Every salesperson has worked with a prospect that has dragged their feet on making a final decision. You may be working with one right now. There’s that one deal (or maybe several) that you’ve grown tired waiting around to close. If it’s not moving forward like you expected, here are some questions to ask yourself as it relates to where you may need to go back and reassess.
Have you clearly quantified the business pain?
More often than not, if your opportunity is not moving forward, you haven’t dug deep enough on the negative consequences. Let’s say you’re solving a problem with payment processing and you know that your solution will get the buyer paid faster. However, do you know how much money they’re losing out on because they haven’t had a solution in place? What is that loss costing them?
Also, do you know who owns that business pain? Are you dealing with the person who’s job is on the line if it’s not fixed? Or perhaps the person who has a vested interest in getting a solution in place? Uncovering that pain is the first step to your buyers (1) correcting the issue and (2) seeing a return on their investment with your company. Without a clear quantification of the business pain, it’s more difficult to move a deal forward. It could be the one thing that moves your prospect to action, rather than letting your proposal simply sit in their inbox.
Have you articulated your competitive differentiation?
Opportunities are won and lost on competitive differentiation. How do you solve your customer’s problems differently and/or better than the competition? The critical component to answering this question effectively is to ensure that your answer has an impact on your buyer. You may have a more robust reporting structure, but if your buyer cares only about one metric that your competitor can also provide, that differentiator won’t help you move the deal forward. Reassess how you have positioned your solution against alternative options and determine whether or not you can make a stronger tie to the buyer’s required capabilities.
Have you done enough to articulate why you’re a better option than do nothing or do it internally?
As you know, your chief competition is often “do nothing” or “do it internally”. If you’re reassessing your deal, don’t forget to think about how you may be able to better position your solution against the prospect taking no action or trying to solve the problem him/herself.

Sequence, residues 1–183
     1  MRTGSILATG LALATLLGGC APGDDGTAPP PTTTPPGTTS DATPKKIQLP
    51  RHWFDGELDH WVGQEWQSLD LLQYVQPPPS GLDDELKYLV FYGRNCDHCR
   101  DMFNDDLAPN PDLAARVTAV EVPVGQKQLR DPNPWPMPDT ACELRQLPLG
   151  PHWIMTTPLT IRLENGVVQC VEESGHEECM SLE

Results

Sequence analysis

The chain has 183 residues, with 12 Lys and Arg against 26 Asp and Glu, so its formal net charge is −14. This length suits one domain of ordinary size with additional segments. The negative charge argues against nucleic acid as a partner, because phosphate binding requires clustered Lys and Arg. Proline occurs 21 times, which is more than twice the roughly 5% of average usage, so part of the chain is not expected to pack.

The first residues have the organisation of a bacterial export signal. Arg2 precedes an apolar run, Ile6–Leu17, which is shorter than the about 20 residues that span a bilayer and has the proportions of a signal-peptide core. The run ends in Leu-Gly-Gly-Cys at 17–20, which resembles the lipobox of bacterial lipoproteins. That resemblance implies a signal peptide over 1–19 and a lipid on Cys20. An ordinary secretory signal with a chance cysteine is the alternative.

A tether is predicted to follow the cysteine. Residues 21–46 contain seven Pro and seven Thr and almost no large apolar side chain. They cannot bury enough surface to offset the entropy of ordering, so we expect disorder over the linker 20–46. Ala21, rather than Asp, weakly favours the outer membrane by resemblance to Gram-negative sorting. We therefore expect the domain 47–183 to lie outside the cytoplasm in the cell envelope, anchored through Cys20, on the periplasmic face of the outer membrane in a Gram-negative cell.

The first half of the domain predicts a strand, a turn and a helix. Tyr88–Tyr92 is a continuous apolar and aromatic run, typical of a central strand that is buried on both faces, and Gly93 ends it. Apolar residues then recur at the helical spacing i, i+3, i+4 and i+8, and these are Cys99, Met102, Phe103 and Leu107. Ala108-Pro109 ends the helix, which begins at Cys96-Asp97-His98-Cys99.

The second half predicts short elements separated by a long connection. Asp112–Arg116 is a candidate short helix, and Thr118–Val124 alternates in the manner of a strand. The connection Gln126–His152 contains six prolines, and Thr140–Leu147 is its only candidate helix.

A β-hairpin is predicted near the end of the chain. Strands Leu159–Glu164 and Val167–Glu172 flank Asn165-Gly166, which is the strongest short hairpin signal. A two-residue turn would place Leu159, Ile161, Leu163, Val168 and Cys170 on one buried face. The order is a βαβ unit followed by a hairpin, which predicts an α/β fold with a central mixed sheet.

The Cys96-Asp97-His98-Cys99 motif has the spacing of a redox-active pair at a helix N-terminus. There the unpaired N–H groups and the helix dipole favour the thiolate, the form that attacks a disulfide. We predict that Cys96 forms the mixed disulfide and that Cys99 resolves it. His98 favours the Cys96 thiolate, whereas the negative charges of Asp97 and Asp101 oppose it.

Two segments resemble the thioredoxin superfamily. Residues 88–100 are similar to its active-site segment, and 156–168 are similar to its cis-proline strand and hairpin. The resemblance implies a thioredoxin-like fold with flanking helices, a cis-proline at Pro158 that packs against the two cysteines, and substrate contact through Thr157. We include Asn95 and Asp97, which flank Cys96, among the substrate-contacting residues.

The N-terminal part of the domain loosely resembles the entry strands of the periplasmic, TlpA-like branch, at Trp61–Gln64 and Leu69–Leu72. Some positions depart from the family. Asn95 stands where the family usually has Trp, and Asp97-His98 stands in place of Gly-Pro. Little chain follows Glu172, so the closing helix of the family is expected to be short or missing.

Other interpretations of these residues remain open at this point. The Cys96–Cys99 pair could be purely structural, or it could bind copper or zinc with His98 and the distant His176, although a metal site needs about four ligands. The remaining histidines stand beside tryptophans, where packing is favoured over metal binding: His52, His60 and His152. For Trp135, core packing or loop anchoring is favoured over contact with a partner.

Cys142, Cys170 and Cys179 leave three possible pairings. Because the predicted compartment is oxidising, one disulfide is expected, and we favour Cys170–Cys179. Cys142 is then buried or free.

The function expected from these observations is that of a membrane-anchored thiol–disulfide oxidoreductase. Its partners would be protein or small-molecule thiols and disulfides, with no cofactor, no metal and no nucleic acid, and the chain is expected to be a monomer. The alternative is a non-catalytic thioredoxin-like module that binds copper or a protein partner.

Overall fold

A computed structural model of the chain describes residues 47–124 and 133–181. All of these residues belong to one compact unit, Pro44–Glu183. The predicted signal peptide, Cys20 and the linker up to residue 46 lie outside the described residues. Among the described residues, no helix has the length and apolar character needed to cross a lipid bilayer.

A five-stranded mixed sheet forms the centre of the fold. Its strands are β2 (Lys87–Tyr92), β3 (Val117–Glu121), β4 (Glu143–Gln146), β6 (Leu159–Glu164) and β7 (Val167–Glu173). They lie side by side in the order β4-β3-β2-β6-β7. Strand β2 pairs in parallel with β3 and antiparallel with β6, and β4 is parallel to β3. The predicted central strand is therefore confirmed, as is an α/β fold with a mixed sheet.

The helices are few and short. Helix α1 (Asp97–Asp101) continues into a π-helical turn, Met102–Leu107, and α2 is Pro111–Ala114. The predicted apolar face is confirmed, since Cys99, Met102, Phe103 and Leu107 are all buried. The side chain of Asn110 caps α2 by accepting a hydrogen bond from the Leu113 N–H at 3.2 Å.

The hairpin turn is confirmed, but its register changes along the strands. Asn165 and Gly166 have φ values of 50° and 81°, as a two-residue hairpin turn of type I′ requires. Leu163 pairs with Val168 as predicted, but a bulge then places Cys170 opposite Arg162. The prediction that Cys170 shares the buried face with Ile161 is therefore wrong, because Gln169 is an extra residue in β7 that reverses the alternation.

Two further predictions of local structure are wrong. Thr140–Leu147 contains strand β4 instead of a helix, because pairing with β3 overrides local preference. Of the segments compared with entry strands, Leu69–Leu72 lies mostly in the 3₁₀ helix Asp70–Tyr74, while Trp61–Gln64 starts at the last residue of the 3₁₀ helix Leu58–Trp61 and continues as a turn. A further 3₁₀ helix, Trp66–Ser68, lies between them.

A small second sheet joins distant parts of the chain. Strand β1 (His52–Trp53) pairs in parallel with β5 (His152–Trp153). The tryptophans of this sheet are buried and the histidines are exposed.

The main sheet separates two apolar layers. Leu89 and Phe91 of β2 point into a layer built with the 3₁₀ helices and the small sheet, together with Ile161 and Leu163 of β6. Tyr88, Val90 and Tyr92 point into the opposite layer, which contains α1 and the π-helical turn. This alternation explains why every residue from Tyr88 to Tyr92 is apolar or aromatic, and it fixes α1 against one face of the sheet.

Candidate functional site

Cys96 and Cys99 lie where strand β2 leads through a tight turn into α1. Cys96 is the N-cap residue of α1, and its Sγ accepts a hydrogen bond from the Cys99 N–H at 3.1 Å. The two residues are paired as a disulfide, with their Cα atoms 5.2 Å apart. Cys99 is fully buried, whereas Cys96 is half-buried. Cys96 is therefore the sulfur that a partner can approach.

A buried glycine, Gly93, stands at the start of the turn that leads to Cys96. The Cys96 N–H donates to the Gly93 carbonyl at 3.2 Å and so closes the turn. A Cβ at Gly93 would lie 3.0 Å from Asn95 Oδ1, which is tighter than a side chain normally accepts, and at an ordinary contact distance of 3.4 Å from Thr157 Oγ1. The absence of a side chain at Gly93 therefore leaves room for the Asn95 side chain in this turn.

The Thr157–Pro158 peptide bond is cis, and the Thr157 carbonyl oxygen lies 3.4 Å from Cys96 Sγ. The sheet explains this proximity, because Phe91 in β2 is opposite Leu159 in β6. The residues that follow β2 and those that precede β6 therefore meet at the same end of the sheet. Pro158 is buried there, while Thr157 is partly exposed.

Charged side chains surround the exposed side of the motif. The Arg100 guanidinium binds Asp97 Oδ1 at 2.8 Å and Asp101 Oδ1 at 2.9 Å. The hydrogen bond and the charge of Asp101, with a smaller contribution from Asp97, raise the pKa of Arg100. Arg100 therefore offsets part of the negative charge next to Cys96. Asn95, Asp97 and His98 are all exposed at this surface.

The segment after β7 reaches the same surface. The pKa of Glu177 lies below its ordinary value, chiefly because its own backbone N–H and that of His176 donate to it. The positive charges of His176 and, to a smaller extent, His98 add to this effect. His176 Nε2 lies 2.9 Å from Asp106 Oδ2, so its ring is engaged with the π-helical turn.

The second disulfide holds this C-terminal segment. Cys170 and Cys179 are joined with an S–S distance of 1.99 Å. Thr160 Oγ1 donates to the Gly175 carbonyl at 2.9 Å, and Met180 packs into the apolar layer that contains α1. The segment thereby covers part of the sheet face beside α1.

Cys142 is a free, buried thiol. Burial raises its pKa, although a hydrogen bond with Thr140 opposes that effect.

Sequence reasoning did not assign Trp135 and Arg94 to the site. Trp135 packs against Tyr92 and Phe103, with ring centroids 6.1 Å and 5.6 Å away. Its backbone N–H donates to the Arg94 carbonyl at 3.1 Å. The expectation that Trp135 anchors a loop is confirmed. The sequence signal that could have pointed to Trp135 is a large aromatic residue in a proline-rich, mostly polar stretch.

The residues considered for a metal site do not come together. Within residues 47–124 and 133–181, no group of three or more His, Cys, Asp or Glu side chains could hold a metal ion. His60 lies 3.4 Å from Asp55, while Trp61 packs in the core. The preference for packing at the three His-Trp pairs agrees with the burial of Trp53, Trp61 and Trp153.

In these situations, you’re still differentiating against an alternative and you need to do it in a way that demonstrates value to the buyer. When you position your solution against do nothing, you need the ability to differentiate against the pain of the problem, how will your solution impact the current pain? Have you articulated a large enough impact for them to take action? If your prospect is thinking about doing an internal initiative rather than going with a vendor, you have to differentiate based on the outcome. How can your solution get to the necessary outcome faster and more efficiently?
Do you understand the decision process?
Any decision process is made of two components. A validation process that evaluates how your solution will satisfy the buyer’s requirements and an approval process which is the sequence of events that need to happen to get the contract signatures.
You need to ensure you understand both components of the decision process and if you don’t, that could be why your deal isn’t moving forward. Remember, as part of your buyer-focused sales conversations, you need to qualify the opportunity based on the validation and approval processes. Ideally, you need to do this as you execute discovery. However, if you’re deal is stalled, you may need to backtrack and effectively define these two processes. Think of yourself as a “buyer assistant” and play the role of coaching your prospect through a well-vetted decision process that yields mutually beneficial results. You may know from your own experience, sometimes it’s just as tough to sell an idea internally for your prospect as it is for an outside vendor.